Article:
Here, we test the relative importance of ecosystem species richness, and socioeconomic, environmental, and geographical factors, in determining the number of plant species used by people, along with the relative importance of different use categories. To do so, we compare data from a series of ethnobotanical inventories from Ecuador with data on ecosystem species richness derived from very large botanical databases. Ecuador provides an ideal case for testing general hypotheses regarding the relationship between people’s plant use, and ecological and cultural diversity. It is a megadiverse country with 46 vegetation types (Sierra et al. 1999b) and more than 17,000 vascular plant species (Ulloa Ulloa and Neill 2005, Jørgensen et al. 2006). Moreover, the country is inhabited by 17 different cultural groups, including indigenous people and “mestizos,” that is, those of mixed racial origin, who have interacted with a variety of ecosystems that differ highly in their species richness. Most groups live in rural communities that actively interact with the biological diversity of the surrounding ecosystem, as demonstrated by the fact that one third of all Ecuadorian plant species are being used by people (de la Torre et al. 2008).

Ethnobotanical research has a long tradition in Ecuador (de la Torre and Macía 2008), dating back to the 18th century (de Velasco 1978, Estrella 1991). The last three decades in particular have seen a multiplicity of ethnobotanical studies, some focusing on specific use categories (e.g., Estrella 1988, Acosta-Solís 1992) or ethnic groups (see references in Table 1). In the same period, the methodological approach has changed considerably, from descriptive–narrative to quantitative–synthetic, allowing a better understanding of the patterns of plant use, and also producing much more complete ethnobotanical inventories (e.g., Paz y Miño et al. 1991, Cerón and Montalvo 1998, Báez 1999, Macía et al. 2001, Macía 2004, Cerón et al. 2005a, b).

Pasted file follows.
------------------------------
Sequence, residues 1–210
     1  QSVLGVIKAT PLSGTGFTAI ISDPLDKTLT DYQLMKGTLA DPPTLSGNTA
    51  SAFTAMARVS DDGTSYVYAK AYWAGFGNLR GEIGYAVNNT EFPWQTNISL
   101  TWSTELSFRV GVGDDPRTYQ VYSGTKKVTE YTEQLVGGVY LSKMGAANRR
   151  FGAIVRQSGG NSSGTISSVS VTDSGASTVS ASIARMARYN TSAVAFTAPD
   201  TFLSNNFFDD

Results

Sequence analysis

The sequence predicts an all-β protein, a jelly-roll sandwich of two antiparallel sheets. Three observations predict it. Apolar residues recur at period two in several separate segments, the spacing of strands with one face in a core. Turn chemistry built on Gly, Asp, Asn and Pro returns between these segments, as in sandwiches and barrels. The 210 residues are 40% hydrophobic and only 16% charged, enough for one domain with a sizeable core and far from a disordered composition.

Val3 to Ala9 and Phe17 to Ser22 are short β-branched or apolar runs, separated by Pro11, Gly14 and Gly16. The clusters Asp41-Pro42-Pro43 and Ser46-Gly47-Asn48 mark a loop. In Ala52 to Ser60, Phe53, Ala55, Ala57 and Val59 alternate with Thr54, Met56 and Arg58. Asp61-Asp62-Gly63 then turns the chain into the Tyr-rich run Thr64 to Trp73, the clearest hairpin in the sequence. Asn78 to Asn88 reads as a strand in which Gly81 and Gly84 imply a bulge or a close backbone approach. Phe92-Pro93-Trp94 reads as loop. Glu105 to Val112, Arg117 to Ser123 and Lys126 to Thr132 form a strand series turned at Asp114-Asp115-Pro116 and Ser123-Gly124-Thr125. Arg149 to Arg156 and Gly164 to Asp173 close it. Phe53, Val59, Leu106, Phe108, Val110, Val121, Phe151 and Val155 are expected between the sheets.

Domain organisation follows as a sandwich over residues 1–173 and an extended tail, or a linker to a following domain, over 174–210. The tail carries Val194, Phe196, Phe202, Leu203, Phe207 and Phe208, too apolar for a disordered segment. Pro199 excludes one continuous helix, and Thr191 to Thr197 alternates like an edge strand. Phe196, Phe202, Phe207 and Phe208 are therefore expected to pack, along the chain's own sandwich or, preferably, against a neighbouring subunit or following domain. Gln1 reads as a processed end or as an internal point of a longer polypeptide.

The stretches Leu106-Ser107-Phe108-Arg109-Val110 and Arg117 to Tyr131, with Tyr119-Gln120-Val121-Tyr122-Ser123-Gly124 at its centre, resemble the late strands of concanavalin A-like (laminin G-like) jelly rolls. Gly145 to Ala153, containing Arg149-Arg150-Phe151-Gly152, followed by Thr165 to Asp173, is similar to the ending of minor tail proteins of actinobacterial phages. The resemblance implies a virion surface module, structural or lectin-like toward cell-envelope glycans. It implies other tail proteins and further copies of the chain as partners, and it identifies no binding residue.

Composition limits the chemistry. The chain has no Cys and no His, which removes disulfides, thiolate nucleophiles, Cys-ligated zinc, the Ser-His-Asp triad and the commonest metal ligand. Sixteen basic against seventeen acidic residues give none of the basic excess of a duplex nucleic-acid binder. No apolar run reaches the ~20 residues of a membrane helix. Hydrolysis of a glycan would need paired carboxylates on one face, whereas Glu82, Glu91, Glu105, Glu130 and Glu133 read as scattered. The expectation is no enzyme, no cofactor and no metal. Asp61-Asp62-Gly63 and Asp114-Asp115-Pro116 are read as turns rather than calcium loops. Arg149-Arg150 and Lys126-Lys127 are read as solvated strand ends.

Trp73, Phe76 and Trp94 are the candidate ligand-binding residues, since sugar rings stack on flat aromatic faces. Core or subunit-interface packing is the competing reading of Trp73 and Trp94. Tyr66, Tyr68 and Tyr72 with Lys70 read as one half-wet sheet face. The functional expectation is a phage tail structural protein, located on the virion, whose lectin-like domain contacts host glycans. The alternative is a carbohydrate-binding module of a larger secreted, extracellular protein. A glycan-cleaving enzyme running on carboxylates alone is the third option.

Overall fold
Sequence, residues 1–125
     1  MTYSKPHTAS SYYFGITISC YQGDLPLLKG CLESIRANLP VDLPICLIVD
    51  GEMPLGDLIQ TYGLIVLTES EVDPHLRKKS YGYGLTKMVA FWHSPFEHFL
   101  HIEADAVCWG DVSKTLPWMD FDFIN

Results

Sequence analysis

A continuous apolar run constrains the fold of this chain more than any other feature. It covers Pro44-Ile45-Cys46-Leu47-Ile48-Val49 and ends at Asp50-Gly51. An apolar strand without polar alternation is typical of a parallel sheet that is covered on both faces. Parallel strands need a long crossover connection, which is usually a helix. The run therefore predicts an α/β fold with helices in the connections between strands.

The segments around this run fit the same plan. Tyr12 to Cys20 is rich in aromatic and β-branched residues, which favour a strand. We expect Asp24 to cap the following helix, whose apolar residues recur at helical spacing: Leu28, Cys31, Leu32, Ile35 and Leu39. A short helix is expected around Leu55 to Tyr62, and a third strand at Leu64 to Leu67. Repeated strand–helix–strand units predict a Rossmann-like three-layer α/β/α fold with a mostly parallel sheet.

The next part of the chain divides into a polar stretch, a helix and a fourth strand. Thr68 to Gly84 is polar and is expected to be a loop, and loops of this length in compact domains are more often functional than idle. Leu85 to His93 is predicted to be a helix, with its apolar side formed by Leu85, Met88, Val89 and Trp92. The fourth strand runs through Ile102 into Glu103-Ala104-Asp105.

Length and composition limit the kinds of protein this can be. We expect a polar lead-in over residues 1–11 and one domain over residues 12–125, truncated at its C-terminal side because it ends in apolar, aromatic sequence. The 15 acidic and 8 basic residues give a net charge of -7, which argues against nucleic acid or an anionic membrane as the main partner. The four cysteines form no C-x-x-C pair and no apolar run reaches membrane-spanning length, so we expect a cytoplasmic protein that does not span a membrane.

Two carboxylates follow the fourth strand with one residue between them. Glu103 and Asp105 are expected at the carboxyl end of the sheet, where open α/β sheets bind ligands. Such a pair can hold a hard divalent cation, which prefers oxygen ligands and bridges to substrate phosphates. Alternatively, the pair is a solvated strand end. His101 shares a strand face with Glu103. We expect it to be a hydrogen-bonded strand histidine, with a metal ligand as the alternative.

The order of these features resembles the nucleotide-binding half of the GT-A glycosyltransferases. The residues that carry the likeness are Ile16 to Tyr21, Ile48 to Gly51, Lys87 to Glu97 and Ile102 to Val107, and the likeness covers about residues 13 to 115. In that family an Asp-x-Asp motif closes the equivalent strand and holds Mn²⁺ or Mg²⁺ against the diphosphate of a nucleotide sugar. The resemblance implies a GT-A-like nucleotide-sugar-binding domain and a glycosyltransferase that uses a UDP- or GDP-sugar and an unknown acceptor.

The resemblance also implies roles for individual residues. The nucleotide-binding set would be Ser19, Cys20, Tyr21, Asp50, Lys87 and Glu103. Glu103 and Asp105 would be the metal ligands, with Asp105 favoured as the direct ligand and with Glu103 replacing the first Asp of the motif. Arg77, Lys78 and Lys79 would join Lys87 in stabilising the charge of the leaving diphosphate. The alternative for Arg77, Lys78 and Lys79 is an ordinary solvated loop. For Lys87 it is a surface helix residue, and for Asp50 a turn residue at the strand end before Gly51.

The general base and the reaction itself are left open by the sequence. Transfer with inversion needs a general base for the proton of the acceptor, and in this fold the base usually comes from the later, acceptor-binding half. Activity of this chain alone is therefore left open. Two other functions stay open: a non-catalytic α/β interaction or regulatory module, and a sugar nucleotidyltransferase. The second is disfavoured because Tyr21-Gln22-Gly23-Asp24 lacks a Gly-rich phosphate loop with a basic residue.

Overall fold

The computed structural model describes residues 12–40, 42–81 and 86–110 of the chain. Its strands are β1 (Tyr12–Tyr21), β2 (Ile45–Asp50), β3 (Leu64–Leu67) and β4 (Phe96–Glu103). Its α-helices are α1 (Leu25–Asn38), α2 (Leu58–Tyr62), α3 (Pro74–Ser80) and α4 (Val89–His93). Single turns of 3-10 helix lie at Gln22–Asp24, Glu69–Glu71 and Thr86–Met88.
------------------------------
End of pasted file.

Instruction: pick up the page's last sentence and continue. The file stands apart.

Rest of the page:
Within the framework described above, we were specifically interested in understanding 1) whether the number of plant species used by rural communities is related to the diversity of plants in the surrounding ecosystem, 2) whether there is a parallel influence of socioeconomic, environmental, and geographical factors on the number of species used, and 3) how the pattern of plant use, i.e., the relative frequency of different use categories such as food, medicine, materials, etc., changes in relation to these factors.


Ethnobotanical Information